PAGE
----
It worked so well between these two that they decided to organize an informal home session and to invite François…

And then again it went “Zip Shebam Pow Blop Wizz!” All that remained was to go to the next step… Record a full album… The very one I’m holding in my hands: “M.O.M” like

Moutin – Omicil – Moutin


Open Jazz

By Alex Dutilh

Monday through Friday at 6:05 pm

Louis Moutin, Jowee Omicil & François Moutin The three M.O.M.

The inseparable twins of the hexagonal Jazz scene present M.O.M, the new trio they have created with Jowee Omicil met on the film set of the Netflix show “The Eddy”



The disc du jour

M.O.M or jazz on the loose

By T.B. October 1st 2021



M.O.M (Laborie Jazz)

The Moutin brothers are twins and complementary: Louis on drums, François on contrabass. They form a respected tandem on planet Jazz. After they met saxophonist Jowee Omicil on the shooting of the TV show The Eddy, the idea of forming a trio quickly caught on.

Straight to studio Sextan in Malakoff to let some jazz gush out for four days of recording sessions. The sound is both clear and raw. Each musician is in the starting blocks for improvisation. Sound lines intersect, diverge, converge, get frantic, then peaceful… Our accomplices compete in creativity and spontaneity while delivering this wildly audacious music. The essence of jazz on the loose.



 Some captivating ensembles … trio…an unexpected trio

When one evokes the word trio, we think immediately about the archetype piano – contrabass – drums. However the idea of trio can unfold in other formulas like this of M.O.M. The initials of the twin brothers in jazz, François (contrabass) and Louis (drums), and Jowee Omicil (saxophones/clarinet). A singular coupling for a just as atypical eponymous disc. Over some original and personal compositions, the three jazzmen demonstrate a generous creativity and invention in improvisation and freedom of instrumental expression.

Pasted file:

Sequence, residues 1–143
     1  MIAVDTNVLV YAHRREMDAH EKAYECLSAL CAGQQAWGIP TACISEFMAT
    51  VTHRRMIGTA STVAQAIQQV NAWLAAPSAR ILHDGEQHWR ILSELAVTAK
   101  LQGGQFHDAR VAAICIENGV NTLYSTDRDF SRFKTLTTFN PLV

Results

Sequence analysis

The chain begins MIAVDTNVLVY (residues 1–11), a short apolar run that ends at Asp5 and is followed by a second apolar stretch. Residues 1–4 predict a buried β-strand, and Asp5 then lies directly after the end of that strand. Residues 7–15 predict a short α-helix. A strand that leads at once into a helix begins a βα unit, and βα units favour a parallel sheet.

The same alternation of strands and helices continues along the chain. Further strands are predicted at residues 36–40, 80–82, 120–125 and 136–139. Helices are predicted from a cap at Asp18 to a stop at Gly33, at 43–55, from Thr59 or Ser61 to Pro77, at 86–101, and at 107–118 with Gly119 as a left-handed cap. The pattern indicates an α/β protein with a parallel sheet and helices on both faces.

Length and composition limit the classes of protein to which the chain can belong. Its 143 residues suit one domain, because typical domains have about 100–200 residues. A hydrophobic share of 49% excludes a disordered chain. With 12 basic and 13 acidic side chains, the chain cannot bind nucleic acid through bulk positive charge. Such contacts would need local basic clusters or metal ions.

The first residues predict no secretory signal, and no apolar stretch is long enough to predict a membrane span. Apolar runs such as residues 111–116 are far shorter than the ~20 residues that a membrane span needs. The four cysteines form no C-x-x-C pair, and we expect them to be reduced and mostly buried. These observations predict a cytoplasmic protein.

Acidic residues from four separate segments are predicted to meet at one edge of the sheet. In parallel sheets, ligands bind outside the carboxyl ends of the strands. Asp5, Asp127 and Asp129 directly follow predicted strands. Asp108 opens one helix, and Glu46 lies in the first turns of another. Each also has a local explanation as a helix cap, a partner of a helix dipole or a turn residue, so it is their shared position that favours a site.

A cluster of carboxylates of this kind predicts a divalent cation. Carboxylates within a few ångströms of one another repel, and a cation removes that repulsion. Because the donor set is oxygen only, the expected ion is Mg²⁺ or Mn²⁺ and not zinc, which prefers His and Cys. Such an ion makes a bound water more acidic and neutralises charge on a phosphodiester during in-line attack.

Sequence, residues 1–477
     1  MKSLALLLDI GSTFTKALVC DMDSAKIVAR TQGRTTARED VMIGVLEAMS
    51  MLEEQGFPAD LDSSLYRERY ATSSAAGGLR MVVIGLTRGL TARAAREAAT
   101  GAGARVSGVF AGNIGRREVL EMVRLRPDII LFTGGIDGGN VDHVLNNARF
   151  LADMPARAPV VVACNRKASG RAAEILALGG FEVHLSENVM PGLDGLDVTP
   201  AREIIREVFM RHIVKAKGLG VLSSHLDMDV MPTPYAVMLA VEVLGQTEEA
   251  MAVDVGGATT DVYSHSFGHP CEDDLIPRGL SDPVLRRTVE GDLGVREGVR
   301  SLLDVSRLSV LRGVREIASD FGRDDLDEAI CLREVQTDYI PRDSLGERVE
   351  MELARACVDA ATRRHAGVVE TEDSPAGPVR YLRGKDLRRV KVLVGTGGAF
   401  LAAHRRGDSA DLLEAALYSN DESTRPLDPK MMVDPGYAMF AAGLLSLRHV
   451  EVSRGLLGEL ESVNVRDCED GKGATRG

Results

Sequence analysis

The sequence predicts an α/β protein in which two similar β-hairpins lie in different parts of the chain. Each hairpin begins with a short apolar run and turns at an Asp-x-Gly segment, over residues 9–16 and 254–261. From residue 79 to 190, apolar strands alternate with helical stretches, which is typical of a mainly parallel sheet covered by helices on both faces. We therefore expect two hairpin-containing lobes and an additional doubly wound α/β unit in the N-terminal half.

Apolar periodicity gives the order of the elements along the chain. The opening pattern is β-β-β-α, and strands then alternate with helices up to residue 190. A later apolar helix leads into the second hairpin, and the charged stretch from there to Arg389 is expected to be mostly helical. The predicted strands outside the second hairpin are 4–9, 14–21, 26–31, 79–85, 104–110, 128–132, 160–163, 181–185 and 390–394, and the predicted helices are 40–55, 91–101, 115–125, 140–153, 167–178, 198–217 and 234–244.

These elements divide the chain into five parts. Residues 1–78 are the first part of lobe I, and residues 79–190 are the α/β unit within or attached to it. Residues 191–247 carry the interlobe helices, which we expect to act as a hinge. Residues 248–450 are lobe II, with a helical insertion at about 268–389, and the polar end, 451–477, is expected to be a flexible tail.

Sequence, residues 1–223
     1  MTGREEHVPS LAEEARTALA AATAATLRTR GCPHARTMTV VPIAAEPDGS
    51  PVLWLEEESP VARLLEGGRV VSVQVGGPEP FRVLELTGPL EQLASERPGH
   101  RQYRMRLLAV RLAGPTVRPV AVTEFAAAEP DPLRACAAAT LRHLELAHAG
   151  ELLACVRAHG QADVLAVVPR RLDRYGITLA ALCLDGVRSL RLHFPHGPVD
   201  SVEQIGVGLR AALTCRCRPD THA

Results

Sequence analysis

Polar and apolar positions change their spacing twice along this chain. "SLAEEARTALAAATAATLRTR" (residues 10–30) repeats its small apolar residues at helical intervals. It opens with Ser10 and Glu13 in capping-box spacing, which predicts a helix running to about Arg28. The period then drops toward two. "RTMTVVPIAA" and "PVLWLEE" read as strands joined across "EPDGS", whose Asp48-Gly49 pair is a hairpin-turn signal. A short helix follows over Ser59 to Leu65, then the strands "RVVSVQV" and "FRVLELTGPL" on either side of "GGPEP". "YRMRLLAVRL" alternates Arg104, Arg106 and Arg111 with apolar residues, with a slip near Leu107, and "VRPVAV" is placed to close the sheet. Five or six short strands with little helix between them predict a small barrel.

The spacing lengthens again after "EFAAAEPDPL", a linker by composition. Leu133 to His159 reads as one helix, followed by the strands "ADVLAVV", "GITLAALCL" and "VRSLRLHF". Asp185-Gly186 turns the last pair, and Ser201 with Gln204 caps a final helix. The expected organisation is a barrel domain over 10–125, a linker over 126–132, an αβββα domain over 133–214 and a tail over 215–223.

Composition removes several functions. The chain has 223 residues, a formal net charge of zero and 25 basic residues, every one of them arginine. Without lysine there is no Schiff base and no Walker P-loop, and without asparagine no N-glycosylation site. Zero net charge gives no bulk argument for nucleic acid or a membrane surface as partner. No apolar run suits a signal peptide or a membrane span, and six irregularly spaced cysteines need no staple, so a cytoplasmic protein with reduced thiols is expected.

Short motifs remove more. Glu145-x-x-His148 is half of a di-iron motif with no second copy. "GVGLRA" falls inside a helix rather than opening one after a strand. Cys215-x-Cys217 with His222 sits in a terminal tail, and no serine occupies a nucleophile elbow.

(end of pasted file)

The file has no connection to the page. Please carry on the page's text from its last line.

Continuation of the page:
Didier Pennequin

Le Quotidien du Médecin weekly – 9912 – Friday September 24 2021


La Rochelle Jazz Festival / October 2021


M.O.M, abbreviation behind which the Moutin brothers and saxophonist Jowee Omicil are hidden, not for long, rest assured. After all, maybe this abbreviation refers to “Mother of Madness”, “la mère de la folie” in its literal translation, considering the extent to which our three accomplices let emerge crazy melodies. This is very remote from the cartoon bearing that same name in which each hero’s purpose is to eliminate evil characters. No evil person to be killed here, as like always, François Moutinon contrabass and Louis Moutinon drums have provided a top notch rhythm section enabling the saxophonist to let his artistry as an improviser evolve in total freedom.




Jowee Omicil (as, ts, ss, cl), François Moutin (b), Louis Moutin (d)

Label / distribution : Laborie Jazz

Forget « The Eddy », this disappointing TV show bearing some promises of jazz during the first lockdown. Admittedly, it’s during this shooting that Canadian of Haitian origins and presently Parisian saxophonist-clarinetist Jowee Omicil has met Louis Moutin. But away from the film set’s spotlights, they have invited François Moutin to a creative fury filled with energy and poetry – “Ballade a Deux Notes” (“Two Notes Ballad”) – and what notes!

All of it unfolds as if the bros, from now on sexagenarians, were dubbing Omicil, presently in his forties, within some timeless jazz fraternity – “M.O.M Blues”, an ideal launch pad for flamboyant choruses. Their unmatched orchestral science which, more than to their twinhood, owes everything to their total commitment in the service of jazz, is here to thrill their blowing partner with extasy, just as much as it does to the record listener: “Caresse” of infinite softness, or “Abandoned Youth”, subtle embrace. There is something scientific about their ability to experiment while keeping an infallible time: one thinks here about Francois’ “trigonometric” playing as much as Louis’ sequential time-framings as well as his mastery of harmonics projected by his singing drums set.